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Archive for October, 2005

Halloween

October 31st, 2005 at 08:31 pm

A lot of my co workers dressed for Halloween. I went topical - a medical professional with bird flu Smile. DH, at a different office, went as Doc Holliday. He had the cough from last week. Scratch off another lifetime goal - I got on the bus in full makeup and costume and didn't die of complete embarrassment. Less embarrassment - I lost track of my bus pass this weekend. In Seattle, if you keep a regular routine, the bus driver knows that you have a pass and waves you in. Still, you have to mumble something like, "Sorry - I forgot it in my regular pants."

I ended up with 63$ for the month, not too bad because generally Halloween throws me for a loop. Without Halloween I would have ended up with 102$. With the work potluck it was very nearly a no-spend day - the only spend was a $1.65 coffee.

Got paid today, so the check has gotten farmed out - 445$ for my share of rent, 100$ to ING, 50$ to bank savings, 40$ to 3M DRP. I'm waiting now for what the I-bond rates are going to be. US Treasury tends to be pretty timely - they announce right away.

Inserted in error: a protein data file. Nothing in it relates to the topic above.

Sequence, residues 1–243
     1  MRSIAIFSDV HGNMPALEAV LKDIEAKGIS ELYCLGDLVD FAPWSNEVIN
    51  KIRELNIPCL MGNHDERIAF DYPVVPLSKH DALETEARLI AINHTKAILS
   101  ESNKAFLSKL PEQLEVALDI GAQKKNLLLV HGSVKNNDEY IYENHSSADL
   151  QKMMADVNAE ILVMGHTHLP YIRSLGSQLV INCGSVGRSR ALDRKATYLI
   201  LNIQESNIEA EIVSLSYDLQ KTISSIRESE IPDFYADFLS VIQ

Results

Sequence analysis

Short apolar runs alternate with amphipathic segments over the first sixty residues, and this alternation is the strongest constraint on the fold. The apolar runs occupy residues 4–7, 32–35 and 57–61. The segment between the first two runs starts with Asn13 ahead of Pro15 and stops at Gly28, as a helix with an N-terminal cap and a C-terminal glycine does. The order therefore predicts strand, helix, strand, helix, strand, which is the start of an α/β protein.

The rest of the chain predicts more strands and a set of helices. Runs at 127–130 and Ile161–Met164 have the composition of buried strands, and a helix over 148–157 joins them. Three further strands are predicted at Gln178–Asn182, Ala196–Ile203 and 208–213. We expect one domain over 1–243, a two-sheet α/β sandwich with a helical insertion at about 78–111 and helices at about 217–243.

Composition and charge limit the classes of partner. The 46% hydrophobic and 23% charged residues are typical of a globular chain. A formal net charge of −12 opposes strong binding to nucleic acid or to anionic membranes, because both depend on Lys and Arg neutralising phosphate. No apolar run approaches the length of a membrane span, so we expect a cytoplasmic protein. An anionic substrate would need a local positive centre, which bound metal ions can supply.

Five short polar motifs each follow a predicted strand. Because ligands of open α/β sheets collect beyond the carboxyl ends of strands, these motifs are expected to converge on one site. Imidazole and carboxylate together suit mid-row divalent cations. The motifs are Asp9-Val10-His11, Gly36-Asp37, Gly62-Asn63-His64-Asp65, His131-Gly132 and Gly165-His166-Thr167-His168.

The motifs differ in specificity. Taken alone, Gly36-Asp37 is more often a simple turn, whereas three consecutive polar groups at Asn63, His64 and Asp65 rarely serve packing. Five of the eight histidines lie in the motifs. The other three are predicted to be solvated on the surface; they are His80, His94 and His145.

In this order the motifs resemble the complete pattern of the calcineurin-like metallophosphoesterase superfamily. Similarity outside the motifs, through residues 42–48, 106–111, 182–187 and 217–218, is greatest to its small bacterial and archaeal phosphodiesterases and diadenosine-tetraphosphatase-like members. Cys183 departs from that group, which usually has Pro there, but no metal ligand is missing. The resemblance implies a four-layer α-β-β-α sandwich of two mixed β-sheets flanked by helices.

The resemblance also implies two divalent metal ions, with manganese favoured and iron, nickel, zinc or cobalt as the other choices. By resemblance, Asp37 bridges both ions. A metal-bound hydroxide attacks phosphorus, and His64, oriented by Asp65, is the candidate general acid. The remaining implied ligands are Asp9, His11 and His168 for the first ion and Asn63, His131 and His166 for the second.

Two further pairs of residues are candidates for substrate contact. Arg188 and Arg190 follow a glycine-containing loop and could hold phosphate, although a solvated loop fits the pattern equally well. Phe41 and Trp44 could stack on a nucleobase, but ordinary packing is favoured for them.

Didn't get any insights about Mr. Nut from Bugs Bunny, but I did get some laughs. Sister thinks we are at a standoff. Each side has to prove ownership of stuff, and unlike cars, equipment doesn't come with titles. Sister got some more bad news about the house - a corner of the foundation is collapsing. I don't see how she'll make the numbers work, or even why she would want to, but I support her nonetheless. Smile

This weekend...

October 28th, 2005 at 09:40 pm

could not have come fast enough.

Work is coming fast and furious and I'm now getting the onslaught of questions and little fires and puzzles to solve on a deadline. It's fun and strenuous and makes the day go fast but even after a 45 minute bus ride I'm hyper and it takes the rest of the evening to simmer down.